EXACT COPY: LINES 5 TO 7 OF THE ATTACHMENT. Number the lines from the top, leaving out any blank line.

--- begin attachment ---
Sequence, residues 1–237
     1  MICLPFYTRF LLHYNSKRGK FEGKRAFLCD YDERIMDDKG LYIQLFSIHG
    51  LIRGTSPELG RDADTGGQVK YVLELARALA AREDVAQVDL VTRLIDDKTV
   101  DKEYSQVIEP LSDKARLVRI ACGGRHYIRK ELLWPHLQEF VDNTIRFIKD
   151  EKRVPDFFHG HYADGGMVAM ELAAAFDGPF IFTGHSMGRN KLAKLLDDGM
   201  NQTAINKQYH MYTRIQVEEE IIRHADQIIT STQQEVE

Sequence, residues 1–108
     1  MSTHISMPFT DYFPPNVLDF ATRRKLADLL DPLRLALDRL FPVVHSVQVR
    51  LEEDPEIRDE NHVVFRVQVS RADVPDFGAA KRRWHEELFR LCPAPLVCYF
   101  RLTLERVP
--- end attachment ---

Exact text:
   151  EKRVPDFFHG HYADGGMVAM ELAAAFDGPF IFTGHSMGRN KLAKLLDDGM
   201  NQTAINKQYH MYTRIQVEEE IIRHADQIIT STQQEVE

Sequence, residues 1–108